Trend 3: Natural Language Processing

In addition to the preferences generated with images, we already have the ability to create personality profiles based on what people say to each other on the Internet. A computer can analyze all of the written and spoken communication from a particular person, and then translate the words and sentences into moods and meanings. Over the longer term, a picture emerges about the personality of the writer, her biases and individual quirks.

One example is Five Labs, which uses semantic analysis and natural language processing to understand what written language implies about the author. Another provider is IBM Watson, a supercomputer with machine learning capabilities.

Impact for Advisors: Watson unearths an even deeper behavioral profile, called Personality Insights, and is working with wealth managers today. It can uncover whether your clients are introverted or extroverted, inventive or conservative, and value achieving a larger purpose or a life of comfort. All this before a single meeting takes place.

Amazingly, many of the tools and technologies to run such a complex analysis are already open source, meaning they are available for anyone to grow and modify. The input text, whether on Facebook, Twitter or other social media, can be analyzed into sentences and intended meanings, and then can be associated with broader topics, moods and personal attributes. This technology makes paper risk profile questionnaires woefully antiquated.

Trend 4: Digitization of Cash and Securities

Once we know our clients better than ever, let’s explore innovations in the technology of the investing product itself. There are numerous innovations happening within asset classes, particularly in improved algorithms for matching lenders and borrowers. But the most fundamental innovation of the decade is, without question, digital currency and its infrastructure.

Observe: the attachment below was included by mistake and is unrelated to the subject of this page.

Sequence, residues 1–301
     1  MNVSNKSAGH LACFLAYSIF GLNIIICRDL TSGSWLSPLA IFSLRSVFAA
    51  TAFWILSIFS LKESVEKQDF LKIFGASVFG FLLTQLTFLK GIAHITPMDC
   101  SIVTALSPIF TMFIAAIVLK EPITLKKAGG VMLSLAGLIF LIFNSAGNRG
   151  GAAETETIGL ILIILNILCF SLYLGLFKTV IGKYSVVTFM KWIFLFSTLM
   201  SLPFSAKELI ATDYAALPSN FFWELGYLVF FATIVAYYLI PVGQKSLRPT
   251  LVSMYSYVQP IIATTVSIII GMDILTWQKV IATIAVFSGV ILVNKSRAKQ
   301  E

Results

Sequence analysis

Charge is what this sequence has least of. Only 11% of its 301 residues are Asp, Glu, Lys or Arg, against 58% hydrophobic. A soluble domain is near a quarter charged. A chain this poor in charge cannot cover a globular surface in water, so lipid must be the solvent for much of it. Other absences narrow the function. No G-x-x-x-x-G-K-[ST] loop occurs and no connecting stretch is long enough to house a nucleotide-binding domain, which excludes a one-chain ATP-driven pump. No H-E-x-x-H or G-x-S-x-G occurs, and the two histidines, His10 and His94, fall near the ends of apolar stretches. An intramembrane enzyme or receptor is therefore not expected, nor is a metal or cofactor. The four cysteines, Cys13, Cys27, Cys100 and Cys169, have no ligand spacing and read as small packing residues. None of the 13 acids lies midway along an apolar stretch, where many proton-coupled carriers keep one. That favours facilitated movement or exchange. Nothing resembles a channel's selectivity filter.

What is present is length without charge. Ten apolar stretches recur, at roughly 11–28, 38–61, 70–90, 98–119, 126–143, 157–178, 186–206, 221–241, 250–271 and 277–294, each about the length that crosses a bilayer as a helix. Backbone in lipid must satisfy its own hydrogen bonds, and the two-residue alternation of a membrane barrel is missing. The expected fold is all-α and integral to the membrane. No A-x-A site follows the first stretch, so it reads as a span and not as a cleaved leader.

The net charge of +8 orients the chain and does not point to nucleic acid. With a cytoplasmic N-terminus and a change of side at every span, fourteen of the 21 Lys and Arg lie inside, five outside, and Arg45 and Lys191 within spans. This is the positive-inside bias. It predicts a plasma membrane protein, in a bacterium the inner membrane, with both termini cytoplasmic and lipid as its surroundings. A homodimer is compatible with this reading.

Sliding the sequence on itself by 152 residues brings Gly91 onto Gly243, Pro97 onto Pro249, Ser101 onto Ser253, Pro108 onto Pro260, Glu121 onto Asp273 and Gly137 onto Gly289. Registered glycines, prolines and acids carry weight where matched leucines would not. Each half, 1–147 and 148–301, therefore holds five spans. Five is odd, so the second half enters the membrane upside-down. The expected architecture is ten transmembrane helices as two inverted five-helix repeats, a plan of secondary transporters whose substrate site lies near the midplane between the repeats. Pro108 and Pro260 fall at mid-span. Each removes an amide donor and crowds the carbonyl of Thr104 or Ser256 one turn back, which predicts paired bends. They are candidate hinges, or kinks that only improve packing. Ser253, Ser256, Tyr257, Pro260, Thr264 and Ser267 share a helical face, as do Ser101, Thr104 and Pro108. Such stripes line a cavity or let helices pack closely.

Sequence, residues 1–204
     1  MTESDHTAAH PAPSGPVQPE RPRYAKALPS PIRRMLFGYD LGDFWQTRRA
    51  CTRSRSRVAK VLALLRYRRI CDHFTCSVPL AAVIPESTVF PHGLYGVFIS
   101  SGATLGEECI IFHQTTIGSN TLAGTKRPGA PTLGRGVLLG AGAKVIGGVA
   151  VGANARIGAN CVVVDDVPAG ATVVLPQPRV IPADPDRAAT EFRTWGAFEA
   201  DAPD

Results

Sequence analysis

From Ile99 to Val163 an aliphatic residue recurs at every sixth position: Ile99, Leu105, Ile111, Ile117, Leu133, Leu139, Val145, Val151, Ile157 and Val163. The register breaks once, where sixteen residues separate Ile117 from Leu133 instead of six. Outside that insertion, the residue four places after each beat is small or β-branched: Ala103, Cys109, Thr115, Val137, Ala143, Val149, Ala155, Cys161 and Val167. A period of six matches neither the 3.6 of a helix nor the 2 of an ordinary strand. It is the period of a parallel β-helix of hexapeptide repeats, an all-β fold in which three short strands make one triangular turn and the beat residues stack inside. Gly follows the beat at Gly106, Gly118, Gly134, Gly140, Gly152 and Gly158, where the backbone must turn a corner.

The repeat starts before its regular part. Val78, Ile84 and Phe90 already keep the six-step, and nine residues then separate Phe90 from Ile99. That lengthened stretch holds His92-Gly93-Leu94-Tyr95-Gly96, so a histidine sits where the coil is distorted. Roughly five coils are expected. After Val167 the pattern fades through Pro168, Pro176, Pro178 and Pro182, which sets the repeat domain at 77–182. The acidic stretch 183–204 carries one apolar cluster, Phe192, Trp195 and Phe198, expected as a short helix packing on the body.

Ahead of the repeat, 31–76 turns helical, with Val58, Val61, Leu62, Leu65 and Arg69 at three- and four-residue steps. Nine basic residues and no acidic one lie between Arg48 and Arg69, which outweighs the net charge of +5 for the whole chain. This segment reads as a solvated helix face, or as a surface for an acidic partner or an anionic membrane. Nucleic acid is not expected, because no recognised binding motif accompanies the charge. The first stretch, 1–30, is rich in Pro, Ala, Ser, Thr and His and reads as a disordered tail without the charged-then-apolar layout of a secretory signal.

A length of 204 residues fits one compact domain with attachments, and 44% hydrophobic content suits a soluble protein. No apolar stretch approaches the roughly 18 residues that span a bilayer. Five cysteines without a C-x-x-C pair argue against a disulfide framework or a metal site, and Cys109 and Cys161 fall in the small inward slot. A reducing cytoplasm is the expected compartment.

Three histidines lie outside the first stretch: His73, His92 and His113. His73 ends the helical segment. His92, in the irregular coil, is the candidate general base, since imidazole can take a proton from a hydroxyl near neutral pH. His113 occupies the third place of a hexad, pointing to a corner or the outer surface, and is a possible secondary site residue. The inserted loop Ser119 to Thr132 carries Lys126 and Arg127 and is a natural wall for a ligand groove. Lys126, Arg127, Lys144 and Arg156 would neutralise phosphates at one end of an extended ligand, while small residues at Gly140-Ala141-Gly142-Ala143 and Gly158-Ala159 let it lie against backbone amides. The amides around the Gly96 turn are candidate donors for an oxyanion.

Bitcoin is famous for its volatility, which unfortunately distracts from the actual vision — the unique technological infrastructure that enables a bookkeeping system without the need for a centralized authority. Traditionally, the supply of cash and other financial instruments (like stocks and bonds) is determined by a government or individual private institutions. Digital currencies, however, use a completely different system called the block chain, composed of a public ledger of all transactions, shared between every participant in the system. Each individual user may not be particularly trustworthy, but taken together, with each participant algorithmically checking the accounting of everyone else, the outcome is highly secure and reliable.

Impact for Advisors: This infrastructure can be used for much more than digital cash. It can drive trusted and secure authentication, contracting, financial data and private transactions. Large banks (Goldman Sachs, Barclays) and credit card companies (Citi, Visa) are now backing the innovative technology by investing in digital wallet companies, and forming consortiums to back innovation.

What if the U.S. dollar itself became fully digital and the Federal Reserve adopted and approved a block-chain-type ledger for the expansion of a digital USD? Digital dollars matter because they can be divided into tiny fractions that allow for micro-transactions. This would usher in a new age of online commerce: Imagine 5 million underbanked clients being able to pay their financial advisors 0.25% on $150.00.